left behind, according to scholarly estimate, more than a million
people dead, a majority of stricken, sick children, a contaminated
water supply, a crippled energy grid and four million refugees.
As for the "celebrating" Iraqis, the vast majority, say
Whitehall’s own surveys, want the invader out. And when Blair finally
departed the House of Commons, MPs gave him a standing ovation —
they who had refused to hold a vote on his criminal invasion or
even to set up an inquiry into its lies, which almost three-quarters
of the British population wanted.

Such corruption
goes beyond avarice.

Normalizing
the unthinkable, Edward Herman’s memorable phrase from his essay,
The Banality of Evil, about the division of labour in state
crime, is applicable here. On 18 May, the Guardian devoted
the top of one page to a report headlined, "Blair awarded $1
million prize for international relations work." Announced
in Israel soon after the Gaza massacre, the prize was for Blair’s
"cultural and social impact on the world." You looked
in vain for evidence of a spoof or some recognition of the
truth. Instead, there was his "optimism about the chance of
bringing peace …" and his work "designed to forge peace."

This was the
same Blair who committed the same crime — deliberately planning
and invading a country, "the supreme international crime"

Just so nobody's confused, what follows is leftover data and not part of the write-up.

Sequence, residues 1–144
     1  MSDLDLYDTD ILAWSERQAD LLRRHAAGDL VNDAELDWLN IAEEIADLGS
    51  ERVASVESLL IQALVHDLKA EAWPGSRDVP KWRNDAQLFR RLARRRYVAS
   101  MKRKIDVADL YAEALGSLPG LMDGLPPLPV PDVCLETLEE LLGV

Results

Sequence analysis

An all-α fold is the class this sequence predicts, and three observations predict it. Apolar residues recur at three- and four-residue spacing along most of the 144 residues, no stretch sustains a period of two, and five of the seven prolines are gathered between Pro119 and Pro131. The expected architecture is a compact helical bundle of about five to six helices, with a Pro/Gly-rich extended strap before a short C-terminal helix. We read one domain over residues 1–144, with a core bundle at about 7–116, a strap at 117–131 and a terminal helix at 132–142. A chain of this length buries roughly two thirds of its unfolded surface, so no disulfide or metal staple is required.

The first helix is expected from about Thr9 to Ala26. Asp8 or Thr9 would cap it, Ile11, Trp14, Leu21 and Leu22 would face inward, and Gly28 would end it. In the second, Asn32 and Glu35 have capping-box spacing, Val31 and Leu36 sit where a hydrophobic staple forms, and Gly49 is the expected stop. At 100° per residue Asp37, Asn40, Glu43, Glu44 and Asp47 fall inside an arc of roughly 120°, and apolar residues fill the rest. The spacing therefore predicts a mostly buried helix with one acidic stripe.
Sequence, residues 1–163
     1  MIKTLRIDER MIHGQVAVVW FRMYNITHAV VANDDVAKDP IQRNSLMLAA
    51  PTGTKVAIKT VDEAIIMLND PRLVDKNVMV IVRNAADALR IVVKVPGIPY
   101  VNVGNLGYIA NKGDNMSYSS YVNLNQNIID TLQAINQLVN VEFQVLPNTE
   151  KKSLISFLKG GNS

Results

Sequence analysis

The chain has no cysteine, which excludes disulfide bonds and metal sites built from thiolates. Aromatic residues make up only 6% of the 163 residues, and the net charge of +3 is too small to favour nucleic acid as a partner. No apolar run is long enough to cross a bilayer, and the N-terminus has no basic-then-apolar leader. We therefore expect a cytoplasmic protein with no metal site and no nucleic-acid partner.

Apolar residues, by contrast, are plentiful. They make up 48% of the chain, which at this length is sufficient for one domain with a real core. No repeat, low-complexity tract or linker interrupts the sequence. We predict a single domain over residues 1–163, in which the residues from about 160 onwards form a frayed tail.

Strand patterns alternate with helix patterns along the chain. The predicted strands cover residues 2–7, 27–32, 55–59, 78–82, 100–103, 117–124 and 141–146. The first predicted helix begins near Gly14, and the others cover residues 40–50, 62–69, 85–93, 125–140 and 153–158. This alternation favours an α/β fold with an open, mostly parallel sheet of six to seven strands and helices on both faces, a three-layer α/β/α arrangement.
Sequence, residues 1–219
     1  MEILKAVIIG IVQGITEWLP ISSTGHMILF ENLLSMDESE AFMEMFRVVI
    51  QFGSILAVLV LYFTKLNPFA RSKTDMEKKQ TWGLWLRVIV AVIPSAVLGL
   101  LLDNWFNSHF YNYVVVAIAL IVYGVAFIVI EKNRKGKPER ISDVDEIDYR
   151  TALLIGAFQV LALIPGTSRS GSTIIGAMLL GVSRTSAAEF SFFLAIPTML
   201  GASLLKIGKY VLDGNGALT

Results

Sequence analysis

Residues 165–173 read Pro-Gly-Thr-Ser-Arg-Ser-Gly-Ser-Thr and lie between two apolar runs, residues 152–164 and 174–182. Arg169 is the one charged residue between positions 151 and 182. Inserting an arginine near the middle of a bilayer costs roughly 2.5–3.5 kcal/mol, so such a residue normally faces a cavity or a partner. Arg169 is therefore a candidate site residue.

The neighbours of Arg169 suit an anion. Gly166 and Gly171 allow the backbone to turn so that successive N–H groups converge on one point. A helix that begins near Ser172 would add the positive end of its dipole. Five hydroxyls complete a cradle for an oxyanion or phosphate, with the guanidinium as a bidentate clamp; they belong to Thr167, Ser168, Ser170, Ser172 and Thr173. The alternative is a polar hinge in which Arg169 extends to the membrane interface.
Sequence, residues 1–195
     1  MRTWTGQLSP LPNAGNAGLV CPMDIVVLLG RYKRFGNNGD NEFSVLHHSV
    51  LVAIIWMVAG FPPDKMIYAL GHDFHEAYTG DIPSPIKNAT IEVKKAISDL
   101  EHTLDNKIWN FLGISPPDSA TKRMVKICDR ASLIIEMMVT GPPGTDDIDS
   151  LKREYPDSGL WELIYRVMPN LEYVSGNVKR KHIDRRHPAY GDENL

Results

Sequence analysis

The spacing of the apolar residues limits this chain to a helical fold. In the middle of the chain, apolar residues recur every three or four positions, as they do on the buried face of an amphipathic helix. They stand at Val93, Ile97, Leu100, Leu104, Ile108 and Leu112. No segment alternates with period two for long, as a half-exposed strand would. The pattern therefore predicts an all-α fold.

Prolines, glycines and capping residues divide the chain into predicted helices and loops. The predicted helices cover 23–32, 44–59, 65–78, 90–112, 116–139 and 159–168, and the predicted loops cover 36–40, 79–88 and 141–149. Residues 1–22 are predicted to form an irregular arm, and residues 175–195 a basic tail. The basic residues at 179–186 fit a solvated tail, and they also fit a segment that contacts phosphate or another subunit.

— for which Joachim von Ribbentrop, the Nazi foreign minister, was
hanged at Nuremberg, after proof of his guilt was located in German
cabinet documents. Last February, Britain’s "Justice"
Minister Jack Straw blocked publication of crucial cabinet minutes
in March 2003 about the planning of the invasion of Iraq, even though
the Information Commissioner Richard Thomas has ordered their release.
For Blair, the unthinkable is both normalized and celebrated.

"How our
corrupt MPs are playing into the hands of extremists," said
the cover of last week’s New Statesman. But is not their
support for the epic crime in Iraq already extremism? And
for the murderous imperial adventure in Afghanistan? And for the
government’s collusion with torture?

It is as if
our public language is now Orwellian. Using totalitarian laws approved
by a majority of MPs, the police have set up secretive units to
combat democratic dissent they call "extremism." Their
effective partners are "security" journalists, a recent
breed of state or "lobby" propagandist. On 9 April, the
BBC’s Newsnight program promoted the guilt of twelve "terrorists"
arrested in a contrived media drama orchestrated by the prime minister
himself. All were subsequently released without charge.

Something is
changing in Britain. The British people have never been more political
aware and prepared to clear out decrepit myths and other rubbish
while angrily stepping over the babbling brook of bulls**t.

May
28, 2009

John
Pilger
was born and educated in Sydney, Australia. He has been
a war correspondent, filmmaker and playwright. Based in London,
he has written from many countries and has twice won British journalism’s
highest award, that of "Journalist of the Year," for his
work in Vietnam and Cambodia. His new book, Tell
Me No Lies: Investigative Journalism and Its Triumphs
, will
be published by Jonathan Cape in June.

John
Pilger Archives